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Alright then, you can have my drug confession if you must

PUBLISHED: 17:06 12 June 2019 | UPDATED: 17:06 12 June 2019

David Clayton says the majority of people growing up in the 1960s and 1970s were exposed to some form or drug taking

David Clayton says the majority of people growing up in the 1960s and 1970s were exposed to some form or drug taking

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David Clayton says drugs confessions are all the rage at the moment so, here, he admits to his...

You know that well-worn phrase "If you remember the 1960s you weren't really there?" Well I can, and I was. I'm sure the essence of the adage is that being so consumed with drugs, alcohol, peace and love, any memory of the period is seriously addled. 
My formative years were through the late sixties and early seventies, so the worst, or is it the best of the decade's hedonism might have missed me by a whisker because I wasn't quite old enough to fully indulge. OK, so I sneaked into the Admiral Seymour pub on Salisbury Road in Great Yarmouth for two halves of Watney's fabled Red Barrell at the tender age of 16 and I puffed on a few packets of, "Cool as a Mountain Stream" Consulate menthol cigarettes. I was trying to look grown up and sophisticated but probably failed miserably.

Oh, and another thing, at the age of 15 I sneaked into Gorleston's Coliseum cinema to see Antonioni's controversial X-rated Film Blow Up. In 1967 the nudity was the controversial thing but in trying to look inconspicuous by hunkering-down in the Coliseum's well-worn cinema seats, I missed whatever bits of Jane Birkin I wasn't supposed to see!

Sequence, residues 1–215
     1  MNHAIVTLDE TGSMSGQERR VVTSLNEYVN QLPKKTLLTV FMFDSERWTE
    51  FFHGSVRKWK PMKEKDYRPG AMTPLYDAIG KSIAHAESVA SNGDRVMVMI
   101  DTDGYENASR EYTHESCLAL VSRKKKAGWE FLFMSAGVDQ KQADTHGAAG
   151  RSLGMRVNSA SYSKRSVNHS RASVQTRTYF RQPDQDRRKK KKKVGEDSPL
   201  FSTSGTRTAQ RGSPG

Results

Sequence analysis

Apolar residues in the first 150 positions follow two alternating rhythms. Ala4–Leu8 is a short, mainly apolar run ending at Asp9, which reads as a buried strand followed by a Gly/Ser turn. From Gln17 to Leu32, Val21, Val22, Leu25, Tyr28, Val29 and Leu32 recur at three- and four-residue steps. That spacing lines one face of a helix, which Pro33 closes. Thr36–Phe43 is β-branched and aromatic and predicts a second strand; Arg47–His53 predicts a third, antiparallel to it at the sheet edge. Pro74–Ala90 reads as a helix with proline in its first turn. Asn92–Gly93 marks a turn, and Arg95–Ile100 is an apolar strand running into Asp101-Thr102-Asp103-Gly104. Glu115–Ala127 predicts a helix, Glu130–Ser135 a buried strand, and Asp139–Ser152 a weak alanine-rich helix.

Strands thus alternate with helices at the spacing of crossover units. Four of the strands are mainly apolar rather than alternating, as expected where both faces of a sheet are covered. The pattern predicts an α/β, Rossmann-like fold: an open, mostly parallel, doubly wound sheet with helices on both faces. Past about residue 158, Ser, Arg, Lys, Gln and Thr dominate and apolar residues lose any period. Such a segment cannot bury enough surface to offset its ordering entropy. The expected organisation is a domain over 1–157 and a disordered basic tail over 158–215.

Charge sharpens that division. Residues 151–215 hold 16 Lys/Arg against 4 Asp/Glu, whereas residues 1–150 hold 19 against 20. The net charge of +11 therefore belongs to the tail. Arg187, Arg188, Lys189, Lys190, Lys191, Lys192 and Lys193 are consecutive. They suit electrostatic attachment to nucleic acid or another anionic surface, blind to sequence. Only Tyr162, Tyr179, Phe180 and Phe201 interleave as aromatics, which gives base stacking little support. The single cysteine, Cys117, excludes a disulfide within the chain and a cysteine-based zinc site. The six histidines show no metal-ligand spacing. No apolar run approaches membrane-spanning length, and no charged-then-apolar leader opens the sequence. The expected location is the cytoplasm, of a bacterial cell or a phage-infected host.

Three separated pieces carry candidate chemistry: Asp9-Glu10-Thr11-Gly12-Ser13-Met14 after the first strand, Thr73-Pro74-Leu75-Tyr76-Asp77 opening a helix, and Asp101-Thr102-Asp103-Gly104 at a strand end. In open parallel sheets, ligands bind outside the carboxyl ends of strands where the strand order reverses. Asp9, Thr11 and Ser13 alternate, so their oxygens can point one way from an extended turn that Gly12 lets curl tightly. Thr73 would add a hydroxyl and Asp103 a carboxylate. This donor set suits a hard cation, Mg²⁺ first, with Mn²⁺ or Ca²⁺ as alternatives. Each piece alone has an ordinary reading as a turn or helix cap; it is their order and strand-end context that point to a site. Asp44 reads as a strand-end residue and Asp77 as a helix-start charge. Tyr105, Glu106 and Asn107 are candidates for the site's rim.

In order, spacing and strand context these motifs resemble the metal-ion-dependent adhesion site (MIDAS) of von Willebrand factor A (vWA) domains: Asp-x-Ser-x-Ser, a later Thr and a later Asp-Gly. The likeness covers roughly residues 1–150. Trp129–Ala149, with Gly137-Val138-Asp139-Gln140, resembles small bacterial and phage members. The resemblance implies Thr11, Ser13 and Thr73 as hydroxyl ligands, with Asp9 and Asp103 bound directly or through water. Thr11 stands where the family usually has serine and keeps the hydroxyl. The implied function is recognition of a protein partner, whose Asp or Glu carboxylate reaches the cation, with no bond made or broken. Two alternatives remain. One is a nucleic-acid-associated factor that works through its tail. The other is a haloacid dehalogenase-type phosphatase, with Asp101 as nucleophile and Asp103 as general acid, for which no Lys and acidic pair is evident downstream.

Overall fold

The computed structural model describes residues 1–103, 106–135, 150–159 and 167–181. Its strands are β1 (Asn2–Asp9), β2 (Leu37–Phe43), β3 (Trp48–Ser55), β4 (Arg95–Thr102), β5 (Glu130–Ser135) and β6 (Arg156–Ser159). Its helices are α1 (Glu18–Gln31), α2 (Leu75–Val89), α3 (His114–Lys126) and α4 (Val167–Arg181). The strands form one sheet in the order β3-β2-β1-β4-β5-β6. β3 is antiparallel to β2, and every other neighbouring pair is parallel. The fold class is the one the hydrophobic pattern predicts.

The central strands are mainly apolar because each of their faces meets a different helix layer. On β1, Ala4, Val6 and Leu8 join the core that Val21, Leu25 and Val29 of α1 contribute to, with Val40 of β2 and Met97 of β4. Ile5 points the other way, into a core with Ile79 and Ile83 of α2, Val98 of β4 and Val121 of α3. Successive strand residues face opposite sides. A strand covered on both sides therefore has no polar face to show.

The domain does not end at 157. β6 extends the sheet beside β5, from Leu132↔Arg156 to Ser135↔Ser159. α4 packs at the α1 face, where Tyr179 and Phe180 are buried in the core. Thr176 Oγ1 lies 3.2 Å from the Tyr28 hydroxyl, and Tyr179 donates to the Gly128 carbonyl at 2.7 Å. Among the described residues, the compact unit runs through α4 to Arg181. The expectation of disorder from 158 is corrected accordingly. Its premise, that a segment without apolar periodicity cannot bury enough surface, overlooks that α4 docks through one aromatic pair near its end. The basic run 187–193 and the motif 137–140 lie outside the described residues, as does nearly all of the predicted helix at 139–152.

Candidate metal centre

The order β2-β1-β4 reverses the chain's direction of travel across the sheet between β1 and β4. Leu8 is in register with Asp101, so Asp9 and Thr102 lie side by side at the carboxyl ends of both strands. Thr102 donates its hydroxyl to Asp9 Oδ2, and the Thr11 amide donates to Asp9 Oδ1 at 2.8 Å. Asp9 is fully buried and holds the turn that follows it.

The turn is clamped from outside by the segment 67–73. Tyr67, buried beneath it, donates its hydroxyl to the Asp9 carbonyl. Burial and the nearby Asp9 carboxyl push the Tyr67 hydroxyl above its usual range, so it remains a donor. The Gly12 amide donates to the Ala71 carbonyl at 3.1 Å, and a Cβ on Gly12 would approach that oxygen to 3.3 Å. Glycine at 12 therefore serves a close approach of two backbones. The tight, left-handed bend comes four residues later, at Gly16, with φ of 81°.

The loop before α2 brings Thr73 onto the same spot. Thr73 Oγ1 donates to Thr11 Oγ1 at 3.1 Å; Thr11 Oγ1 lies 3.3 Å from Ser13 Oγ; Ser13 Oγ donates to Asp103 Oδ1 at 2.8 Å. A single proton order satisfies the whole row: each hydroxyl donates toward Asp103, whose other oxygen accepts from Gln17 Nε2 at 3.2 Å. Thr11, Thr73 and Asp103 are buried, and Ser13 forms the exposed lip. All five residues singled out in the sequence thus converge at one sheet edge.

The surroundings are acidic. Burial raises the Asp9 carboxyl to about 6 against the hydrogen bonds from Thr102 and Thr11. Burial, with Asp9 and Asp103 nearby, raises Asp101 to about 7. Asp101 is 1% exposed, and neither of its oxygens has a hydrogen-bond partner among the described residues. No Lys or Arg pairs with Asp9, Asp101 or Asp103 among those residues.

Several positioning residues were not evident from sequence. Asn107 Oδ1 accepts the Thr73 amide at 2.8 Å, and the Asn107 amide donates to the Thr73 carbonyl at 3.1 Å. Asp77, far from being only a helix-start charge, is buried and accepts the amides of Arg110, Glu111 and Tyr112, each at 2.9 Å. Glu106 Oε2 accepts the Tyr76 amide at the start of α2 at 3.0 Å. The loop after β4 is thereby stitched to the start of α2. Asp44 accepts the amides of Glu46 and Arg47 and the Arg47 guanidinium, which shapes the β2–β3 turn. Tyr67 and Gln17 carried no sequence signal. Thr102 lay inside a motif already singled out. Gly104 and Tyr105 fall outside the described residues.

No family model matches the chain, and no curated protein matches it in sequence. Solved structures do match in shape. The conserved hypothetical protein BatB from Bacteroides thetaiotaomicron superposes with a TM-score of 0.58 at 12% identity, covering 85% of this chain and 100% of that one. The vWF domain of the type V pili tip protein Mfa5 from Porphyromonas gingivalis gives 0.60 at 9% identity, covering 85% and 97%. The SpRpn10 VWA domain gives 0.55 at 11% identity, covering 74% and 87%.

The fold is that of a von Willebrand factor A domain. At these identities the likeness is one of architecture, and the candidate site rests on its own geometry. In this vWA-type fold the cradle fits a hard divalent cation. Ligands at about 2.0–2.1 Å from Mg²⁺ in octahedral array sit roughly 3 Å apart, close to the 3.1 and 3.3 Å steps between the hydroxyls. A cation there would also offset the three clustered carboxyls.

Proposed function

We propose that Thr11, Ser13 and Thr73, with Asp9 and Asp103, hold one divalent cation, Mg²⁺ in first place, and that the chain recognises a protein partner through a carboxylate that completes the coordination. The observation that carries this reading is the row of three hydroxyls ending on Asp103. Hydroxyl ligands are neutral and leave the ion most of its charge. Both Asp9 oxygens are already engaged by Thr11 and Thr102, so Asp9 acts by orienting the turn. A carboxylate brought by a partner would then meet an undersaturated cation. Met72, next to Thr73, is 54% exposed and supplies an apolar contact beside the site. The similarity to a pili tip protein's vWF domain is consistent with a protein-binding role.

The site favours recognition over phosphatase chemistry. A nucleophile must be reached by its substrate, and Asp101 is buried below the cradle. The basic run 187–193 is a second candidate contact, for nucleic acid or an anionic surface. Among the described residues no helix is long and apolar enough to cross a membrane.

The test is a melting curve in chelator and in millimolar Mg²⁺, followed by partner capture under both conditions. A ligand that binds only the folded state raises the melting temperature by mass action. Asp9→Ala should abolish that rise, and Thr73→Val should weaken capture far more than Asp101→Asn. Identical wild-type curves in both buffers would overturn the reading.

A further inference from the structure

However, I'd better pitch-up with a timely confession about drugs, as it seems to be all the rage at the moment. So, here goes, I once saw some. At least I think I did. A friend of mine at the time (I'll leave his name out of this as I've lost track of what he's doing now and he may aspire to be a politician) produced a small tin-foil 
package from his pocket in which there was a brown coloured substance. This was mid-way through 1969 and if I'm honest I think this was more about teenage bragging rights than any burgeoning addiction. I'd no idea where he'd got it from, how much it cost, nor what he was going to do with it. Talk about being naïve back then, I wasn't sure whether it was to smoke, swallow or insert somewhere and to be honest, if he did use it, I wasn't with him so I've no idea what effect it had, if any.

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And that's it, everyone. That's my confession about drugs. You're either disappointed or metaphorically patting me on the back. It's fine either way as far as I'm concerned but it seems our aspiring leaders are nervously heading that question off at the pass before it unravels in some other way.

I think it's a "given" that anyone who sailed through the sixties and seventies, often enjoying a student lifestyle was, shall we say, "exposed" to, or "experimented" with drugs. At least that's how they seem to bat back the question in interviews, so I'm not surprised nor shocked that some of our political masters have indulged.

I bet many of them smoked too much as well and staggered out of a bar after being loud and embarrassing. Haven't we all? I really want to say it's an inevitable "rite of passage," something most of us go through and leave behind as we grow up, but I'm aware that a vocal lobby will denounce that loudly, and rightly so, because of where it can lead.

All I know is I have a valued friend who is a former addict. He's a survivor of the sixties. It doesn't matter for the sake of this argument what he was an addict of. All I know is that having been there, consumed by his addiction and now fully recovered, he has a wisdom and humility of which I'm envious. He's a wise counsel to anyone in a similar situation and I'm happy to spend any amount of time in his company.

It may not be so awful that those who want to take charge of us have been there in moderation and for want of a better expression, "got the tie-dye tee-shirt."

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